Small Businesses Seeking Credit

Small business lending remains constrained across the U.S. Loans outstanding in the first quarter of 2010 stood at $670 billion, substantially lower than the $710 billion level in 2008.  The Federal Reserve, understanding that small businesses employ half of U.S. workers and generate an even larger percentage of job growth, has been looking into why banks aren’t lending to this crucial sector. Some analysts say businesses are being cautious and not seeking financing. Other analysts indicate that banks are being too conservative when lending to small businesses.

A recent report by the Small Business Administration (SBA) sheds light on the complex topic of where and why small operators look for financing.

First, not all small business owners use credit, and when they do, they tap a variety of sources as these statistics show:

  • No credit 20%
  • Trade credit only 20%
  • Bank credit only 20%
  • Trade and bank credit  both 40%

Firms that use no credit could be potential future customers for local banks who survive by making business loans. As these banks reach out to small businesses that have never used credit, they should understand the following details:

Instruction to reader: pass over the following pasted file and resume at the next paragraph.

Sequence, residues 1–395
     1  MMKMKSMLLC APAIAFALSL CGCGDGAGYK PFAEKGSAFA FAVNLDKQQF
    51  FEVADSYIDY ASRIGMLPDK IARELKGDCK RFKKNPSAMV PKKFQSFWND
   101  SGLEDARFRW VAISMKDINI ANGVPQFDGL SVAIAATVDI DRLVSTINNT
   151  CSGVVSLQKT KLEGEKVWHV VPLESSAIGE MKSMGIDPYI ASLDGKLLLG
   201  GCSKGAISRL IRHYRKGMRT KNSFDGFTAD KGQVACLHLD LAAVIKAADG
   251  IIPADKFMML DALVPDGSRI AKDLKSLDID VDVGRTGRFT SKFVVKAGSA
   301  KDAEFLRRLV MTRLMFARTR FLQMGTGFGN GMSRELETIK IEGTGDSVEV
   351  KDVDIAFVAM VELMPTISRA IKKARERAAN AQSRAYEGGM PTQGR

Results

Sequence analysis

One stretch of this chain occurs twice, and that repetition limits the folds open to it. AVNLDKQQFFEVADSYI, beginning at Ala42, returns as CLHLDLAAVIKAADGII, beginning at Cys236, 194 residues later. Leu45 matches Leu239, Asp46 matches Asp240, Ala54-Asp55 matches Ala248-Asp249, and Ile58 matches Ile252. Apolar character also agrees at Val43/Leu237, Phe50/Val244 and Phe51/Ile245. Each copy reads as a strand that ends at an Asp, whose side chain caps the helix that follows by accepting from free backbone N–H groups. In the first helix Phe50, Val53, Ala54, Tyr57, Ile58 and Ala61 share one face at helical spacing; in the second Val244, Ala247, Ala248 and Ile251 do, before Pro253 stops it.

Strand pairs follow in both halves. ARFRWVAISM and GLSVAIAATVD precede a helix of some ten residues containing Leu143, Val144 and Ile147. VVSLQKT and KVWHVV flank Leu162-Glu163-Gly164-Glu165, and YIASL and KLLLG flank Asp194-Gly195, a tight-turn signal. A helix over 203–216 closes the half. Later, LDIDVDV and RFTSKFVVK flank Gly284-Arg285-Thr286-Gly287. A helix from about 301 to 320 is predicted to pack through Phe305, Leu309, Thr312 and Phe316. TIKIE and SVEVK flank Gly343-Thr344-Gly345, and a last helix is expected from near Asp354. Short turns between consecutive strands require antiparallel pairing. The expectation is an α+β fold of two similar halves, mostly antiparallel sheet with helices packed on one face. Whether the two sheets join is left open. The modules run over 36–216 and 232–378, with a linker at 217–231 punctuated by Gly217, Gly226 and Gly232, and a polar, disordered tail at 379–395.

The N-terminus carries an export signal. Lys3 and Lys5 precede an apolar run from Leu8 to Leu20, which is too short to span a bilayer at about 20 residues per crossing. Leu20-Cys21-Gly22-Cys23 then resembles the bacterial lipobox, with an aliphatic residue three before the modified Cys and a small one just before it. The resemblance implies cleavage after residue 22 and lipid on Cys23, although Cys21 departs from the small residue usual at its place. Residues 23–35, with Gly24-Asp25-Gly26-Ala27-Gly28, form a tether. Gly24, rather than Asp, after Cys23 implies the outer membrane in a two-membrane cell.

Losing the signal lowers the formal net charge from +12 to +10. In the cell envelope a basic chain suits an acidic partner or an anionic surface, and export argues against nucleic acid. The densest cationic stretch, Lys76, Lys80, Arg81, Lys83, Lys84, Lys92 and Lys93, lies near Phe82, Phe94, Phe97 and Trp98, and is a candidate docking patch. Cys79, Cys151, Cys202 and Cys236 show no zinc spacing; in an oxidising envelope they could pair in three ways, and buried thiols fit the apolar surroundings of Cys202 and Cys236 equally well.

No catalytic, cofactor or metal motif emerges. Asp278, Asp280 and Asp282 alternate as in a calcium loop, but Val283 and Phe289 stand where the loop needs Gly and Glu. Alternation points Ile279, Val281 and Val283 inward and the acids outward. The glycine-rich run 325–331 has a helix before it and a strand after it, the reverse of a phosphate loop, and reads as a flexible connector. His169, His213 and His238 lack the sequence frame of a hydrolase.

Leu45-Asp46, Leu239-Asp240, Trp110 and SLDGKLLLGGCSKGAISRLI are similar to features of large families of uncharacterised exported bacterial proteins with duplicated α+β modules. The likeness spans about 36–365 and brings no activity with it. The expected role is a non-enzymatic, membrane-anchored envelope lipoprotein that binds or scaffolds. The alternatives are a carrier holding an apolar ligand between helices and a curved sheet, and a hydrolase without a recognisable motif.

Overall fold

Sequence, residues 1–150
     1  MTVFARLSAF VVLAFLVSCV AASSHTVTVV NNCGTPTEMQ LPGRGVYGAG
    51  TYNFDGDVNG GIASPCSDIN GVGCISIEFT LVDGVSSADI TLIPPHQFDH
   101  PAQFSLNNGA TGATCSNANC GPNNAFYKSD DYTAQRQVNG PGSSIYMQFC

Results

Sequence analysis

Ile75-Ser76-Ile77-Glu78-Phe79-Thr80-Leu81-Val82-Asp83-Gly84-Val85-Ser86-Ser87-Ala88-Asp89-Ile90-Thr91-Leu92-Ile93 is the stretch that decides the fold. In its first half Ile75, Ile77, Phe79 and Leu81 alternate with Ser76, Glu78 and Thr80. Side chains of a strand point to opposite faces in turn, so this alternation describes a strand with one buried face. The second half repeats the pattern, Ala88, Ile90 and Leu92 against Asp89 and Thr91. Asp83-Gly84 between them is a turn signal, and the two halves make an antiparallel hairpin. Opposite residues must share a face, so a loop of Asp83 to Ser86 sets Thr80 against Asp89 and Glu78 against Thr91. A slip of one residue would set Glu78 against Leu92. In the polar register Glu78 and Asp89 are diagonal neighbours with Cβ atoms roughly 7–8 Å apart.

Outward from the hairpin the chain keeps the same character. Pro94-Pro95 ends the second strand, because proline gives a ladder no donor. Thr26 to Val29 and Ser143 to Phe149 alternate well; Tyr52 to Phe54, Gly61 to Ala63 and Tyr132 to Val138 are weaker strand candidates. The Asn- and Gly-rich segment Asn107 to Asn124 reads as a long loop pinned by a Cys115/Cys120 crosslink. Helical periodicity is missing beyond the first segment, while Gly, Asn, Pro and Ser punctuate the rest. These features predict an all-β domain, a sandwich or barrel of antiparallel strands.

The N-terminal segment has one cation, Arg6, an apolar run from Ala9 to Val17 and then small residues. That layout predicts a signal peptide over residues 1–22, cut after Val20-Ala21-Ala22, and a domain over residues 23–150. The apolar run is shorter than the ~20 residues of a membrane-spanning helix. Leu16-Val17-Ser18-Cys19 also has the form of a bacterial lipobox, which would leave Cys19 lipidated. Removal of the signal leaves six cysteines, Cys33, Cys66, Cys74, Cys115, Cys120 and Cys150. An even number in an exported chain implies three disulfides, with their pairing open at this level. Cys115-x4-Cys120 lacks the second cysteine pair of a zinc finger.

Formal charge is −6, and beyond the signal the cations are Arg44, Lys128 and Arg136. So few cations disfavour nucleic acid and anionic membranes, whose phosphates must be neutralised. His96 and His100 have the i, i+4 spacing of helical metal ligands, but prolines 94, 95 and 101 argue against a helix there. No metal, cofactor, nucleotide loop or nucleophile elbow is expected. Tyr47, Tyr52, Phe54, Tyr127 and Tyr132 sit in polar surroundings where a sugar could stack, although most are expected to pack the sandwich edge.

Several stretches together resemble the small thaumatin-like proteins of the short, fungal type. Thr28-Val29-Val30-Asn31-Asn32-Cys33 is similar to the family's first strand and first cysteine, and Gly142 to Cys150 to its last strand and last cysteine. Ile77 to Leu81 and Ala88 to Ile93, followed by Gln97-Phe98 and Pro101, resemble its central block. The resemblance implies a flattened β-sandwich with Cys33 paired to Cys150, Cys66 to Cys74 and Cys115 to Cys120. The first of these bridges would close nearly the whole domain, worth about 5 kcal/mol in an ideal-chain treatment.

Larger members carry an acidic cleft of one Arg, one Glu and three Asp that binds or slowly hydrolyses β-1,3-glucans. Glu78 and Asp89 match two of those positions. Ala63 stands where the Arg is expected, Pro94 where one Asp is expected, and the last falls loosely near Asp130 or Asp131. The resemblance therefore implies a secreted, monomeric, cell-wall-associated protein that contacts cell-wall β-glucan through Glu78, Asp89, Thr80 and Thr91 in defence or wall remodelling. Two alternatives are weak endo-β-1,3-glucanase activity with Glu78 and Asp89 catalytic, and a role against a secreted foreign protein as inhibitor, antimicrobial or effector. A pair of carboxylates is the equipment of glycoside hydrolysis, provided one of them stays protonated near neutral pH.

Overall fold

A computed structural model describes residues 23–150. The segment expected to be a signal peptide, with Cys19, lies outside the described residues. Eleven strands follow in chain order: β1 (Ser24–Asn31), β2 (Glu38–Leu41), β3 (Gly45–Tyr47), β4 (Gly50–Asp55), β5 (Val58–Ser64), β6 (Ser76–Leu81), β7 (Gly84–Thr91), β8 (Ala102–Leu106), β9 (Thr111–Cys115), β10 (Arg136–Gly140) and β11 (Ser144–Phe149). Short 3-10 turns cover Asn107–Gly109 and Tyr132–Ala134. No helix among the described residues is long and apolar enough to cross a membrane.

• These firms are more likely to be owned by Asians, Hispanics, or blacks.
  • These firms are likely be located in rural areas.
  • The owners are often less experienced and possess less education than average.

Non-​borrowers operate primarily services businesses, or in the wholesale or retail-​trade industries.

Firms that use trade credit are often in need of short-​term financing. Suppliers are more likely than banks to offer trade credit when the money supply is tight, i.e. during a recession. Also, small businesses maintain a close relationship with suppliers who often understand the industry well and extend trade credit based on that knowledge.

And finally, up to 60% of small businesses rely solely on bank credit or a combination of bank and trade credit.  In general, operators in the transportation and insurance/​real estate industries are most likely to seek bank credit. In addition, these businesses are often younger and lack an established track record. The demographics of business owners who use bank credit include:

  • Younger than average
  • Have a college/​graduate degree
  • More likely to be Hispanic

Fed Chairman Ben Bernanke says "The formation and growth of small businesses depend critically on access to credit. Unfortunately, those businesses report that credit conditions remain very difficult." Banks looking to profit on small business loans should forge stronger relationships with operators in the local community and then market to specific business groups to increase loans while minimizing risk.

[Source: Bank Credit, Trade Credit or No Credit: Small Business Financing. SBA​.gov. June 2010. Web. 13 Jul. 2010; Raice, Shayndi. For Small Business, Slow Gains in Credit. Wall Street Journal. 13 Jul. 2010. Web. 14 Jul. 2010] 
Kathy Crosett
Kathy is the Vice President of Research for SalesFuel. She holds a Masters in Business Administration from the University of Vermont and oversees a staff of researchers, writers and content providers for SalesFuel. Previously, she was co-​owner of several small businesses in the health care services sector.